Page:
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NYUAD Hackathon Encourages Use Of Tech For Social Change In The Arab World

NYUAD Hackathon Encourages Use Of Tech For Social Change In The Arab World
Image credit: NYUAD
4 min read

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Are you a computer science student who strives to apply your technology skills to make a difference to your society? That’s precisely the kind of people that the 2018 Annual NYUAD International Hackathon for Social Good in the Arab World to be held on April 27-29, is looking for, to nurture.

The three-day “programming marathon” (in its seventh edition) will see computer science professors, founders of startups, technology professionals, and even venture capitalists from across the globe come together at New York University Abu Dhabi (NYUAD) to lead teams of skilled computer science students to create mobile and web applications relating to diverse fields such as health, education, film, music, business, and science- all for social good in the Arab World.

To be held at NYUAD campus, the three-day hackathon begins with an orientation and “API Talks” session, and will then move on to pitching sessions for ideas and team selections by the end of day 1. Over the next two days, teams will develop their applications, and the event concludes with the teams presenting their applications to a panel of experts in a public event at NYUAD Conference Center.

Hiat app creators winning the 2017 edition of NYUAD Hackathon. Image credit: NYUAD.
“The goal of the NYUAD Hackathon is to promote innovation in computer science, tech startups, and the development of innovative technology for the social good,” says Sana Odeh, Faculty Liaison for Global Programs of Computer Science, and Clinical Professor of Computer Science, Courant Institute of Mathematical Sciences, NYU New York, and Affiliated Faculty, NYUAD. Odeh believes that the event will provide an opportunity for students in the Arab world to experience “the full cycle of creating a tech startup- sharing and generating ideas, pitching ideas, learning new platforms and programming languages, designing and developing mobile and web applications, and working with a team.” Besides this, the participants can also benefit from an opportunity to be mentored by members from industry and academia.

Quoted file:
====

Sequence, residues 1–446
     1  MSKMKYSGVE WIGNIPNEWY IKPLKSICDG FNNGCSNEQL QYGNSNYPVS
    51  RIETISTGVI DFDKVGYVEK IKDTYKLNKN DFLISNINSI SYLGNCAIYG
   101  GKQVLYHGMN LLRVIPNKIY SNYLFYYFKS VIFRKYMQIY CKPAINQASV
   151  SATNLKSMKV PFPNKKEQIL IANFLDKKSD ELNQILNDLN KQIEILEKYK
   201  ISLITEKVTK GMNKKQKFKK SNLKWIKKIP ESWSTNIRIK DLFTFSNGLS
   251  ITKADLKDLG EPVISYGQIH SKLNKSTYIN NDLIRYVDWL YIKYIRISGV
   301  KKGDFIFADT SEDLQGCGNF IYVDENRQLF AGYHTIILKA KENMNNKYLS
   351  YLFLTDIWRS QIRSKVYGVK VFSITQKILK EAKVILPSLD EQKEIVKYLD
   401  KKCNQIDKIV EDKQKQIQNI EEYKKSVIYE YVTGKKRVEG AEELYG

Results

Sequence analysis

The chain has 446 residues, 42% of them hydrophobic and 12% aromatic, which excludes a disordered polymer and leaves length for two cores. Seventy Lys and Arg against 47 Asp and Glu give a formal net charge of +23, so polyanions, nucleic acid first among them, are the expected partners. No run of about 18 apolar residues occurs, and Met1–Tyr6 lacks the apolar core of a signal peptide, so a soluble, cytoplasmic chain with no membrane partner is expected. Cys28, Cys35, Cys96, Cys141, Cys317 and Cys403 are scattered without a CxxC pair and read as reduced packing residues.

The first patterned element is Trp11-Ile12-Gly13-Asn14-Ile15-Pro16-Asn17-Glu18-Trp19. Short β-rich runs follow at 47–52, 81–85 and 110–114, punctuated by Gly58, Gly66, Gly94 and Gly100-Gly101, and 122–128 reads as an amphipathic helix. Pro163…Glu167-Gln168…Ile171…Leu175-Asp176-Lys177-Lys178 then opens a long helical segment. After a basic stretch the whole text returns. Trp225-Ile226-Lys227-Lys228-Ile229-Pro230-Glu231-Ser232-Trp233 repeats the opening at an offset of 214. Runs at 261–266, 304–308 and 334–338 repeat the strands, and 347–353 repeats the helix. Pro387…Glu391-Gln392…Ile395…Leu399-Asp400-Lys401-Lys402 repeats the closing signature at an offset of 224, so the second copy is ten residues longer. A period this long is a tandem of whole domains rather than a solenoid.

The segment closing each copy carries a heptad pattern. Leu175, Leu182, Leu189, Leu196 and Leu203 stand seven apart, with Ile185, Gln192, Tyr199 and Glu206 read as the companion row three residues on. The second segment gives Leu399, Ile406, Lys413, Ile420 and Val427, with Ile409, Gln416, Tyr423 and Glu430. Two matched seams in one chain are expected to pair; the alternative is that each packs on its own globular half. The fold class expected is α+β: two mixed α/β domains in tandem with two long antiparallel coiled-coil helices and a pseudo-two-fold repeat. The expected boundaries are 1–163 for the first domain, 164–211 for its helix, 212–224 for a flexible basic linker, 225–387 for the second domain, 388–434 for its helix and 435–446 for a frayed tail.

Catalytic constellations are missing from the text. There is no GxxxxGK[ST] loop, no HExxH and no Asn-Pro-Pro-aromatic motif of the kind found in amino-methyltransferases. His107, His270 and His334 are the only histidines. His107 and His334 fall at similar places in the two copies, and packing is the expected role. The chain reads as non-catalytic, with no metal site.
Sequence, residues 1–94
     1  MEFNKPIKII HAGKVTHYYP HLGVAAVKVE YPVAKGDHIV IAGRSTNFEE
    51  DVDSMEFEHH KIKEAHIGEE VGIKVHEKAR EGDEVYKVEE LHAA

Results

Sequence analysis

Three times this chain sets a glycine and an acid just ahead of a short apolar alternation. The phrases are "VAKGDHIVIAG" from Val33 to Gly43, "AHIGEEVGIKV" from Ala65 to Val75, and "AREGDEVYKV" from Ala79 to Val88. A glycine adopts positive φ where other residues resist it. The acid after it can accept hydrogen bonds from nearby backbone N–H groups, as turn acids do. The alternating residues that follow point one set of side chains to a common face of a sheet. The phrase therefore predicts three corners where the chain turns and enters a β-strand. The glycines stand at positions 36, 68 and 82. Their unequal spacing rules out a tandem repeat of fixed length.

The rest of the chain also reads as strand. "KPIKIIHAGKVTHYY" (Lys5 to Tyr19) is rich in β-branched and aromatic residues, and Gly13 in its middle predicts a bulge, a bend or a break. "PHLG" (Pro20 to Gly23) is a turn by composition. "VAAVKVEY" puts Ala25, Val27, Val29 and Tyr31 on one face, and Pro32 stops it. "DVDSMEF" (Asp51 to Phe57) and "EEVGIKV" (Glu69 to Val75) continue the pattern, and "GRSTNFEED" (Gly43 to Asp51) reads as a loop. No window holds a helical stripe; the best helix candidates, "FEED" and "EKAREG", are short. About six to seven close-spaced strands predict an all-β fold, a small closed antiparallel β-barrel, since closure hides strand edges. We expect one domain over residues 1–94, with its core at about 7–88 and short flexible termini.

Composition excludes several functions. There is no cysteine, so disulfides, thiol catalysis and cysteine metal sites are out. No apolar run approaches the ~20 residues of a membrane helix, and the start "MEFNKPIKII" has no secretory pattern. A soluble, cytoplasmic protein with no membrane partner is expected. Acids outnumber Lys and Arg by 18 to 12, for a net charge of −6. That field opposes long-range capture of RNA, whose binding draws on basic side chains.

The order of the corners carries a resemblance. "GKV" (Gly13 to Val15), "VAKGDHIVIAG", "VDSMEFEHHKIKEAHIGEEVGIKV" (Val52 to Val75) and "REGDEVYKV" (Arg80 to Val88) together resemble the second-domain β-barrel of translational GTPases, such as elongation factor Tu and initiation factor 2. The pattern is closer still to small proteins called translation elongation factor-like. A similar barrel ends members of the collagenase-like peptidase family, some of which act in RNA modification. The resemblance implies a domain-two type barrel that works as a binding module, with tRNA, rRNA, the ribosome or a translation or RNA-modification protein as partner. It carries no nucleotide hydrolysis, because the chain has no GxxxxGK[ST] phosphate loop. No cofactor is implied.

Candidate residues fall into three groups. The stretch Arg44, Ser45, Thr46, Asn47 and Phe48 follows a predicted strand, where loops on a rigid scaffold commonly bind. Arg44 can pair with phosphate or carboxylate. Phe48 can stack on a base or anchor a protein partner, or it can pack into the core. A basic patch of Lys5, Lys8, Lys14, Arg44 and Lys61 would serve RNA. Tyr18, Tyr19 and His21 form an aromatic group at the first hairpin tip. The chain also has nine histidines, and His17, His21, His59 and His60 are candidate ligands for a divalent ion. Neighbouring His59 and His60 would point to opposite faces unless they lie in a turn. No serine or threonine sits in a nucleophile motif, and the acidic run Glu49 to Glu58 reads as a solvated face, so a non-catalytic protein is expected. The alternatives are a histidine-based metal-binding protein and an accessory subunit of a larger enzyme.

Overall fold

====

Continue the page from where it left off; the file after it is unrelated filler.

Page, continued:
The hackathon is said to receive an average of 600 applications from around the world, nominated by professors from top computer science departments such as MIT, Stanford, NYU, American University of Cairo, Jordan University, and NYUAD, among many others. “We receive applications from all over the world, but we accept the one-third from UAE, one-third Arab applications from the Arab World (outside the UAE) and rest from the world (outside the UAE),” explains Odeh, adding that almost 50% of the participants are female.

Incidentally, the winner of the 2017 edition of the hackathon -Planet Homes [Hiat]- is a platform to connect skilled refugees and the local community in a gig economy projects, and is co-developed by woman techie Radwa Hamed (Hiat is developed by a total of six students), a double major in computer engineering and electronics and communications engineering. “The hackathon has been a great portal for many ideas to bloom and gain mentorship and growth,” says Hamed. “From the ideation phase, the process of fine-tuning the idea, designing a product that is socially aware and profitable, the mentors, judges and facilitators have all been very helpful,” she adds.

Radwa Hamed and other developers of the Hiat app. Image credit: Radwa Hamed.
Hiat is also a winner of Hult International Competition for Social Entrepreneurship in Egypt, and has qualified for regional finals in Shanghai, China. The platform aims to help “vulnerable populations find secure jobs,” and essentially matches refugees to job opportunities in line with their skillset in an hourly pay rate system. “Hiat is currently a bit dormant because of multiple funding issues. However, we are conducting many talks about how we can partner with other homecare service providers and how we can apply to social/humanitarian accelerators around the Middle East,” says Hamed.

Related: Women Hackathons: A Gateway To The Evolution Of A More Equal World

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